The title of this post refers not to my biothriller of the same name, but to an interesting article by Adam Gopnik in the August 8 NEW YORKER. Purporting to be a personal history of owning a dog for the first time, Gopnik's article ranges far afield to discuss the various theories of how humans domesticated dogs. The DNA evidence is clear: our pet dogs are descended from wolves. Bot how did they get from those fierce and sometimes dangerous beasts to my toy poodle, Cosette, shown here in all her cuddly domesticity?The competing theories are (1) we deliberately kidnapped wolf pups and trained them to useful work, (2) dogs hung around human garbage heaps, eating our refuse, and over time more or less domesticated themselves by self-selection for animals willing to follow us, until breeders took over. Theory #1 used to dominate, and then Theory #2 did, but now scientists say that there is a problem with Theory #2. The domestication appeared to happen about 10,000 years ago (unless it didn't, and there is some competing evidence for much earlier). 10,000 years ago humans were nomadic hunter-gatherers. As they moved on from one area to the next, any wolves trailing along would have entered the territories of already established wolf packs, which would have challenged their right to be there. So now Theory #1 is back in the ascendancy. We did it, over time, and quite deliberately.

But, Gopnik also points out, in the modern era the tables have turned. Dogs use us. We cater to their needs, and most of them do not do very much work in return. Except for the odd sheep herder or K-9 pooch, our dogs are the winners in evolution, the successful domesticators of that other species that now works to ensure their survival.

Cosette would agree.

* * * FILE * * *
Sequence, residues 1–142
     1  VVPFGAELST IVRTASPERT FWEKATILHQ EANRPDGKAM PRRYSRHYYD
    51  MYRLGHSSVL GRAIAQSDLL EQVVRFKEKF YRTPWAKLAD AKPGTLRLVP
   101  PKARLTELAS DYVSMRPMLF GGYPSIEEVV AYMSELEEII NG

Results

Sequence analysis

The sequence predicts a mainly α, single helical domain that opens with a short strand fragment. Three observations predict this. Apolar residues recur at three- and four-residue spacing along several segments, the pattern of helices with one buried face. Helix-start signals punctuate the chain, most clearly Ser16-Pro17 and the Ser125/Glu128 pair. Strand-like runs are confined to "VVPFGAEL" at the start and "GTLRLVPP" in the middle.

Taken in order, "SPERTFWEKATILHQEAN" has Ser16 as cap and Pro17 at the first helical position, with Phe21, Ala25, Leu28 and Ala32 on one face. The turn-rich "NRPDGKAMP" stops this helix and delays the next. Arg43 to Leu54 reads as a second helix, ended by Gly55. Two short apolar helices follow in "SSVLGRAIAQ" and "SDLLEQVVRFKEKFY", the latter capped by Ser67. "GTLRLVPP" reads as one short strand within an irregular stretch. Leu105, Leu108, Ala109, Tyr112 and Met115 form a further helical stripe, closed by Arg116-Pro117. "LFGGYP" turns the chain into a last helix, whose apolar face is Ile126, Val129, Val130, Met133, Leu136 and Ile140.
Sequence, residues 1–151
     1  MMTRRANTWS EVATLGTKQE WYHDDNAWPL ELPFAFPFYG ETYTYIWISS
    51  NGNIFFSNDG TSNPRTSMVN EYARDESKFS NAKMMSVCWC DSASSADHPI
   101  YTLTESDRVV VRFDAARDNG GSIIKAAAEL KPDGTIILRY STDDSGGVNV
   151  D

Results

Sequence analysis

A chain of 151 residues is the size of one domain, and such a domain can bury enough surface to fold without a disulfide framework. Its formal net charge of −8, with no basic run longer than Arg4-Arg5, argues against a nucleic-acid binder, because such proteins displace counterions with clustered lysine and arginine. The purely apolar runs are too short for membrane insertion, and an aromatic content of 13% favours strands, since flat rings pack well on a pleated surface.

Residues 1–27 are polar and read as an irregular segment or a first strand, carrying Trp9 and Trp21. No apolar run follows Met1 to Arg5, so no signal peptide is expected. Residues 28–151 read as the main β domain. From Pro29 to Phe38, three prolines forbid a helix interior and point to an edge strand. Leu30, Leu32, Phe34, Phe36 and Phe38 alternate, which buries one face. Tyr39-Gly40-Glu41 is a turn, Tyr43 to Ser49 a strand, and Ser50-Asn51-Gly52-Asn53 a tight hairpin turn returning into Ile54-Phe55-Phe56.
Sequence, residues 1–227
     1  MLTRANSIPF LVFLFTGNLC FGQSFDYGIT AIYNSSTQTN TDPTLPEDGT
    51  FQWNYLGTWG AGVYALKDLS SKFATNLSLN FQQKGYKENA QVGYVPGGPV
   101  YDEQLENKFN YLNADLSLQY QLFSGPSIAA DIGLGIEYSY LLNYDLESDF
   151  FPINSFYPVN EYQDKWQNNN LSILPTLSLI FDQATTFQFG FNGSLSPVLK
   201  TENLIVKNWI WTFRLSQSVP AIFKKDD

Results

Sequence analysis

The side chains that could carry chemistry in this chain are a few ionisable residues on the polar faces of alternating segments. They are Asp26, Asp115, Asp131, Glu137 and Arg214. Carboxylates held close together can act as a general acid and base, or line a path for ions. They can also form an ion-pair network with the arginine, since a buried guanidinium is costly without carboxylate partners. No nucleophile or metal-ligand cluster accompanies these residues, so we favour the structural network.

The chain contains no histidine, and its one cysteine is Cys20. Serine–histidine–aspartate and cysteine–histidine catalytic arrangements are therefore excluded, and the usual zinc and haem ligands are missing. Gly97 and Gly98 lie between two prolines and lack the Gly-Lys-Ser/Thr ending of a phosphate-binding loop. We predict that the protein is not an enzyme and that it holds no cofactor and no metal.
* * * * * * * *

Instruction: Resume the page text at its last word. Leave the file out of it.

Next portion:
Friday, August 12, 2011

The Three Rs

Since I am back to writing my new novel, and since I actually know the ending of this one (well, sort of), I have been thinking about the middle. Beginnings are easy for me. The first three or four scenes usually come to me along with the basic idea, wrapped up like a Christmas package, and I write them very rapidly in a few days. When I get to the end, it also tends to go fast, since by the time I'm two-thirds or so of the way through, I know the climax. (If I don't, the book is really in trouble.)

That leaves the middle.

How to get from C or D (we're way past A) to, say, V or W? This is where I think about the three Rs: reveals, reversals, and raising the stakes. This is, for me, what creates the middle of the plot.

Reversals: Who is doing well and about to get a pie in the face? Who is struggling mightily and might have some unexpected aid, even if only from his own inner resources? Whose careful plan is about to blow up in his face? Who gets a sudden (but foreshadowed) ally?

Reveals: What does the protagonist discover that he didn't know before? What do I show the reader that she didn't know before?

Raising the stakes: What else hangs on the outcome of this conflict besides what is already there? How does the prize get bigger or the cost get higher?

Okay... I just got an idea. Back to work.

Wednesday, August 10, 2011

A Huge Mistake